'It can be a family activity preparing them too and kids are more likely to get excited about food they choose and prepared themselves. Your pockets will be fuller and your bins lighter.”
“Have a little trial run before their first day of school, so they get the hang of their lunch box, school bag and pencil case. Also peel the oranges for them.”
Author of Oh My God, What A Complete Aisling
“My eldest daughter is starting Junior Infants this year and, following an orientation day at the school, my biggest concern is making sure she can open her lunchbox and water bottle.
"I was also gifted a very handy book called The Essential Parents’ Guide to the Primary School Years by Ciara Brennan, Audrey Devereux, Alison Gilliland and Gene Mehigan (Primary ABC). It’s full of invaluable hints and tips for first-timers like me.”
“Try to talk to your child about the positive things that they will most likely appreciate about starting school. These include making new friends, participating in fun activities such as arts and crafts or PE.
"Story books about starting school are also useful as they often highlight the positive aspects associated with school. Additionally, talk to your child about how they feel about starting school and take note of any concerns or worries they may have. Try to ease these concerns by providing your child with various scenarios.”
“Make sure each child has two pencil cases; one with everything on the school list, one that just has pencils, colours and an eraser. Ask the teacher if the first one (clearly labelled) can remain in school on the child’s desk, the second one stays at home for homework.
"There is a Bermuda Triangle between school and home and it is brimming with Twistables and colouring pencils, so this avoids you having to replenish the pencil case supplies on a weekly basis.”
“Take your photos early! If your little one is starting school for the first time it’s a good idea to try on the uniform a few days before and take your ‘back to school’ pictures then. On the first day of school emotions can be running high (especially the parents) and no-one wants tears on the first morning.”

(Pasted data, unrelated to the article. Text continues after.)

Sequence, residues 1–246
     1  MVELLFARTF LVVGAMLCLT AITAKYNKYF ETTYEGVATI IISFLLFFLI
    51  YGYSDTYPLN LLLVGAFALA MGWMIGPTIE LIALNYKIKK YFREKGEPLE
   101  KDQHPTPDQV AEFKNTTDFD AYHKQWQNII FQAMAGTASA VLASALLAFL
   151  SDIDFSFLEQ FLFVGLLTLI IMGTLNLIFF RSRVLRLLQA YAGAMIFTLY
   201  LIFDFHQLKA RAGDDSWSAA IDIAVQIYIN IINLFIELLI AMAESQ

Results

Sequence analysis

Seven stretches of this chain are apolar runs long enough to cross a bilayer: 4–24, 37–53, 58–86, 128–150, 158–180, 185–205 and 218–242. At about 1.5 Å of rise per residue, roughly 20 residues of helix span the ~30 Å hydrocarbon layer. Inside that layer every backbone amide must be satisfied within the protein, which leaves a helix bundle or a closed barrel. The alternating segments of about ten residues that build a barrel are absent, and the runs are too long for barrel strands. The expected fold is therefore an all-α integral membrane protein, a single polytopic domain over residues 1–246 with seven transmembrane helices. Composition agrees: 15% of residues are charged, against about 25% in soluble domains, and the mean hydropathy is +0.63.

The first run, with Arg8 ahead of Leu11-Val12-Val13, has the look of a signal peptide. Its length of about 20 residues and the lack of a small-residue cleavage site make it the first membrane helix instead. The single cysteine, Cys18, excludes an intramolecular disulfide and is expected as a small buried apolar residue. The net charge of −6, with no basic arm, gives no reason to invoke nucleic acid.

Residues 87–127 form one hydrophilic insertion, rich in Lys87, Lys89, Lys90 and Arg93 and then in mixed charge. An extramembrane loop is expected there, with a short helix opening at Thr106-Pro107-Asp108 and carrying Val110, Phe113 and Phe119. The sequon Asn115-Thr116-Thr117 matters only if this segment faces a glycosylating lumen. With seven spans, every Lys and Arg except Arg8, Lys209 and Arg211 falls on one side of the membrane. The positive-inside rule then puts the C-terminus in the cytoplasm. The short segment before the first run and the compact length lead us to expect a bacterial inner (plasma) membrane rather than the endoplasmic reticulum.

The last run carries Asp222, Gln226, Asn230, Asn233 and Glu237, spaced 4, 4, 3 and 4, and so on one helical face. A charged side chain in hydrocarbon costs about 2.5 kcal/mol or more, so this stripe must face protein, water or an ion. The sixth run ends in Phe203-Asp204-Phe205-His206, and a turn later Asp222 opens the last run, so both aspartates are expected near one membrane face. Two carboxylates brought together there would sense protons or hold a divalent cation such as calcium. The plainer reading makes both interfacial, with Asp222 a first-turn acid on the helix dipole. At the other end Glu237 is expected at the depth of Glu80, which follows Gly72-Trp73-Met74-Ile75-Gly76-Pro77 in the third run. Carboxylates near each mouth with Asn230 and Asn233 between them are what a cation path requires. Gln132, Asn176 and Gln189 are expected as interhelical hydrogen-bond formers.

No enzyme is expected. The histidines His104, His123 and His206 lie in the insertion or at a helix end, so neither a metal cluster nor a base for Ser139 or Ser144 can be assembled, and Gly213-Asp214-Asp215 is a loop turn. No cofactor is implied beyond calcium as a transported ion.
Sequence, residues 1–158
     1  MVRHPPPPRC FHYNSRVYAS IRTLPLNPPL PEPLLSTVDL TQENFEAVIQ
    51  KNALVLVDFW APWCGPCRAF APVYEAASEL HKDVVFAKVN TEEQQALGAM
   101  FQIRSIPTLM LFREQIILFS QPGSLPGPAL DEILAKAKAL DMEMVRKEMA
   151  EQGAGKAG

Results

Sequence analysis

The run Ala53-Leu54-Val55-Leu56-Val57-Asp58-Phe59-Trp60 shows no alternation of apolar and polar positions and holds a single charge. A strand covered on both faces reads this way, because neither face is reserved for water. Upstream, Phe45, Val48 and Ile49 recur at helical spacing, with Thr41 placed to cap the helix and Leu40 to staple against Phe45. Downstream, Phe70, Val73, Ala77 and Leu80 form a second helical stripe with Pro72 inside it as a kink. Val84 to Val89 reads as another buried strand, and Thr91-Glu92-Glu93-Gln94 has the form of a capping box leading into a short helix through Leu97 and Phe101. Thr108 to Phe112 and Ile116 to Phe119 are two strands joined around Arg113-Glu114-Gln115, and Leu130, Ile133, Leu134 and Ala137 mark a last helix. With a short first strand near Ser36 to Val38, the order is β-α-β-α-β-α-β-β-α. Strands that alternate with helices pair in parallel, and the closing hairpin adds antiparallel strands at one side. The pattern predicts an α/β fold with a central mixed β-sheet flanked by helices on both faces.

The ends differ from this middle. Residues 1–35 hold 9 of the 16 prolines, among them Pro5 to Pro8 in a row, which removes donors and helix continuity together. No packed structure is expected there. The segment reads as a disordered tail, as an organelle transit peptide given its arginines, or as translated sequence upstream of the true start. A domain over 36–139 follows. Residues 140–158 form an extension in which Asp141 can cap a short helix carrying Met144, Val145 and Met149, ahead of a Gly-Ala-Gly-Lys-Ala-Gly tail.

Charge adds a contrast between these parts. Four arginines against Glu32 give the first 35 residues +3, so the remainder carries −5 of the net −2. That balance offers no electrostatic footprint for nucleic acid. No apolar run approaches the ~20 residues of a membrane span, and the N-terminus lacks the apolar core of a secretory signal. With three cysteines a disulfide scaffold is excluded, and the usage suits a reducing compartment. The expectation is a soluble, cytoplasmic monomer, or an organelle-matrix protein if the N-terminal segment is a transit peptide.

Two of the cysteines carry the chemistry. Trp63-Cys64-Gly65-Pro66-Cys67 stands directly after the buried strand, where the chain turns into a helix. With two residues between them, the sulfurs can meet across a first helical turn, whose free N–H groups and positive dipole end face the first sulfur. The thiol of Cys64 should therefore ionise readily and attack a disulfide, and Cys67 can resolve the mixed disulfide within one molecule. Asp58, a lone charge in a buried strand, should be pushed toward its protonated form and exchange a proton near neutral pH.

“Before school starts, my daughter and I start experimenting with different lunch ideas. She creates hers and we start to use a new lunchbox, which she loves doing. I also aim to bring bedtime back down a little from mid-August on, so aiming for earlier bedtimes, but gradually!”
“If work permits try to take a day or half day the first week back to get to meet/see your child’s new teacher and classmates.
"When you’re not at the school gates every day you can feel disconnected, especially at the start of a school year so I always take the first day off to get everyone sorted, reconnect with other parents and make sure that scratchy uniform issues are addressed.”
Co-Founder of www.mykidstime.com
“The week before school starts, check that everything fits. If you bought the uniform early then just make sure your child or teen hasn’t shot up and outgrown anything. Make sure the shoes are comfortable and still fitting correctly.
"And make sure all the bits fit into the school bag OK. So, eg, the lunchbox fits in with their books. They’ll only be carrying all the books on the first day but you still want to know that the bag is big enough. You’ve time then to get a final shop done if needed.”